Some scanning principles

Some scanning principles

A year or so ago, I gave a short talk at Speculative Futures MTL and have been meaning to flesh out the slides to make them readable without the talk. Finally managed to do it. I can’t remember what the exact brief was, but it ended up being something like a list of principles for scanning.

The talk was really short, so I’m posting it here as a kind of working with the garage door open thing, more than because there are any great new ideas in there. Perhaps some tweaks to how you see things might prove helpful.

The team organizing the workshop already had some visuals, which I repurposed here. This is a pretty classical, if imperfect, way of imaging a few time ranges and the scope or breadth of what a person or team might observe. This is something that can happen just by paying attention to what we see in our day-to-day, but of course, in a strategic and/or foresight setting, this process needs to be purposeful and organized. For this talk I didn’t focus on tools, I’ve written about that elsewhere and will need to revisit my ‘stack’ in an article soon since it has evolved a bit in recent months.

What we see coming
A signal is something you encounter that provides insight or evidence that can shed light on the future. Writing for Finnish innovation body Sitra, futurist Mikko Dufva provides a nice breakdown of the components of a signal, assigning any given signal three properties: The thing or phenomenon itself, the signal - the news items, photo, service, object, story or event that describes the subject, and the interpretation, which refers to how the signal is received, how it is linked to the interpreter’s own view and world view, and how it is used.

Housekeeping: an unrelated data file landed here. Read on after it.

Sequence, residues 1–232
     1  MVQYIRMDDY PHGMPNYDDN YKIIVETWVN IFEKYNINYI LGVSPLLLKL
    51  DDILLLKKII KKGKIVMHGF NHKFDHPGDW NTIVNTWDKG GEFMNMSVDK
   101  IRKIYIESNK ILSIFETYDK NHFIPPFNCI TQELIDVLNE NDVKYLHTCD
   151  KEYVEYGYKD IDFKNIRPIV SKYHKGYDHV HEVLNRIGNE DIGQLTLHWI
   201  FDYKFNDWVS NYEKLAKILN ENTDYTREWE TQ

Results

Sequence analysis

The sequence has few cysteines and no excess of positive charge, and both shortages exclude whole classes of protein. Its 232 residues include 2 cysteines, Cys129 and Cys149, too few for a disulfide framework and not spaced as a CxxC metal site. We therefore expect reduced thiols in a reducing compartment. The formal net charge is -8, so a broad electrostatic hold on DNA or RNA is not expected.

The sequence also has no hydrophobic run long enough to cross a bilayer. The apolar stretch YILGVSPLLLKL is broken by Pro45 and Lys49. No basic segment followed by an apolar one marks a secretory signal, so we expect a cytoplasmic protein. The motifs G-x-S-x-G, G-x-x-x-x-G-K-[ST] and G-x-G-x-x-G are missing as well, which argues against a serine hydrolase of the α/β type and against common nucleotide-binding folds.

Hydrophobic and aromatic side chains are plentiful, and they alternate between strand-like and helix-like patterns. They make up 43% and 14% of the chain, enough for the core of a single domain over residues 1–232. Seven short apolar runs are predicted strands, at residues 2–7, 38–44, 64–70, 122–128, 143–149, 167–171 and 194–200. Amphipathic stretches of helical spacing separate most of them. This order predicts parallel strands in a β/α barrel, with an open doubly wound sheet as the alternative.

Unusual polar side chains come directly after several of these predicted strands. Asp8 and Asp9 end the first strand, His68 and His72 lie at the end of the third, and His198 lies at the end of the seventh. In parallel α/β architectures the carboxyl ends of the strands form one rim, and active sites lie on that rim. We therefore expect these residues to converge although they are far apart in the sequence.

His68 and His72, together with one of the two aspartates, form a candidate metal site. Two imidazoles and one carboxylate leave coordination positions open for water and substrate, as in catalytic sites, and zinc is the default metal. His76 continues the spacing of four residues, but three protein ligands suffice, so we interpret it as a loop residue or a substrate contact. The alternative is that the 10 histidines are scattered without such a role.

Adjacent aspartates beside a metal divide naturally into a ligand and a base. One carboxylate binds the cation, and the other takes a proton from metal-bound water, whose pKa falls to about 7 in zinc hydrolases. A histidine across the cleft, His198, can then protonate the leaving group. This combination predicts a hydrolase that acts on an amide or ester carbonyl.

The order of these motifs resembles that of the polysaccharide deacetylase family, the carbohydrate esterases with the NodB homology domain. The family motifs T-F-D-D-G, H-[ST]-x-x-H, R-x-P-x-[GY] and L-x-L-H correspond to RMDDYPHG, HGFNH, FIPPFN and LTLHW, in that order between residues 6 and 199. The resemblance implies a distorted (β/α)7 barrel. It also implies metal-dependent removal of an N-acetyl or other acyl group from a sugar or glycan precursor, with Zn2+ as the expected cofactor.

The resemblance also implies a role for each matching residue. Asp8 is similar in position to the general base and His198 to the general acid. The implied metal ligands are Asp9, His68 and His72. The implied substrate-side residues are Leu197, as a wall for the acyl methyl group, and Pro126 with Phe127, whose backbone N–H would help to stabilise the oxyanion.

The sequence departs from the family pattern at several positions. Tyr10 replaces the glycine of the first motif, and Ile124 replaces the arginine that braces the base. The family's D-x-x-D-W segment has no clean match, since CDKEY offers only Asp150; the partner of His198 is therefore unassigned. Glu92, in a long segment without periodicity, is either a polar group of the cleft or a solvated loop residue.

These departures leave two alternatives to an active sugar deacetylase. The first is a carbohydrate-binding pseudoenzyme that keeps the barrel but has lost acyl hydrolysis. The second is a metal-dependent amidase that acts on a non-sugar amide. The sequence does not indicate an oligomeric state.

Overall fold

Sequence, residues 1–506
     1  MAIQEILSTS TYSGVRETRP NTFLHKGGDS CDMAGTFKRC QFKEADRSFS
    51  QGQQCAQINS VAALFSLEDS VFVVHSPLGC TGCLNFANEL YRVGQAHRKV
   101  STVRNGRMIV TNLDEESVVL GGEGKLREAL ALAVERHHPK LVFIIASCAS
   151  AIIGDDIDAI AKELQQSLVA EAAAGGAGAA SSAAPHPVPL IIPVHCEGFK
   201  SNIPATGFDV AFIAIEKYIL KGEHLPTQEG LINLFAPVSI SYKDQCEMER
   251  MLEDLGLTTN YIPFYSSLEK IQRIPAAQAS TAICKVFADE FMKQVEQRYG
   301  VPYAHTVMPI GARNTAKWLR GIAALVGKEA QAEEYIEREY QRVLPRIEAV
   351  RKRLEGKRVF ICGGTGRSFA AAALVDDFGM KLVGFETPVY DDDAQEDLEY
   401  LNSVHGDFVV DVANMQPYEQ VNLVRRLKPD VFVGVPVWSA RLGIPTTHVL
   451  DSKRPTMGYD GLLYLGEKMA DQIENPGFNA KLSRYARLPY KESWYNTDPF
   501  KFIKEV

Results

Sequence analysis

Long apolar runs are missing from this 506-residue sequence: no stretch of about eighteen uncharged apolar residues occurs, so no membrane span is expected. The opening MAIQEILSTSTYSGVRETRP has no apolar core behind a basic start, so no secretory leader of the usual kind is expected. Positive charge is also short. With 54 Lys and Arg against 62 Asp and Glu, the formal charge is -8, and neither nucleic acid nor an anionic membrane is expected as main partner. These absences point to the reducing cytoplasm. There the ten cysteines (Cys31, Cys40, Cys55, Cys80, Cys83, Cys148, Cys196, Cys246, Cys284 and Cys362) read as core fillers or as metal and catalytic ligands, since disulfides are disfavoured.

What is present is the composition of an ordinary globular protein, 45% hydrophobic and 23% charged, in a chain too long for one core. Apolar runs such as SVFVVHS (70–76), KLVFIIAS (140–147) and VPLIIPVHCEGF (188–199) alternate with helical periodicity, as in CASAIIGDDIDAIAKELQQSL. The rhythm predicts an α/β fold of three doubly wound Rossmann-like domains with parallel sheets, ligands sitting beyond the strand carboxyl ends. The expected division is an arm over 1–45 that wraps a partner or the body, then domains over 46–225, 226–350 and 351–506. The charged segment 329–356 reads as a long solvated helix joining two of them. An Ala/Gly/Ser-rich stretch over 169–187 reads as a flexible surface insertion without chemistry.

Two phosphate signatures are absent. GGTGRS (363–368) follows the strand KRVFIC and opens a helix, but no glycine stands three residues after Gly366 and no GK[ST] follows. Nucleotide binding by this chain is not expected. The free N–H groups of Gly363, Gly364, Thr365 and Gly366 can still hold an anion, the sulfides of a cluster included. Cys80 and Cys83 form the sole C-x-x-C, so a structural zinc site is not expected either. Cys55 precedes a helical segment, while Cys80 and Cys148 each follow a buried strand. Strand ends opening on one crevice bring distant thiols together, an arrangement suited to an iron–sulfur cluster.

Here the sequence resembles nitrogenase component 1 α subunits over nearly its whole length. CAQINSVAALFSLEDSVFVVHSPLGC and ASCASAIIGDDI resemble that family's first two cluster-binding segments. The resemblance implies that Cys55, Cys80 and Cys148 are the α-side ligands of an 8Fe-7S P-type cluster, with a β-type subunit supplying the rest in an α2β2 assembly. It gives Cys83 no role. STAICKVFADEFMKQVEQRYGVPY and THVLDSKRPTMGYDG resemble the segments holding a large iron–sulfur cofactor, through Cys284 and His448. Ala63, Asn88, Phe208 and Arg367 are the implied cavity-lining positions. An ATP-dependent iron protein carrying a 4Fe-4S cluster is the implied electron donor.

(Source: How To Future, p.69)
Trends are comprised of signals and supporting evidence that show directional change (increase, decrease, evolution or transition) and in turn may affect what later signals emerge. They do not exist in a vacuum, but as an always evolving complex system.

But that’s kind of the “platonic ideal” of observing what’s going on around us. Usually, amidst the day-to-day and incoming project rushes, that vision, that radar, narrows. You don’t read a bunch of things, you read The Economist and two websites, you don’t read a lot of books in a year, you read two.

Amidst the day-to-day, our vision tends to narrow

Not only that, but when it’s time to think ahead and think about things strategically, when it’s time to do some planning and consider options, we also run out of time. So the insufficient signals and trends collected are not even put to work, and plans are only made a year or two in advance. Forget ever thinking about what’s coming in 10 years.

Planning often focuses only on the short and medium term

Sorry to bring this up again, you’ve surely read it everywhere, but things are getting more complex, shifts are happening left and right, and whole industries are being disrupted (sorry again). That’s a common enough “diagnostic,” what’s the solution? Look around and keep watch on a lot more than your industry.

The cone and circle image here might not be the perfect metaphor but you get the idea, you have to develop “eyes all around your head” and be able to see what’s coming from outside your industry or from the edge of that industry—remember that too-narrow view? Being at ease in multiple domains, and tracking good sources in each is an increasingly essential skill.

A generalist and transdisciplinary vision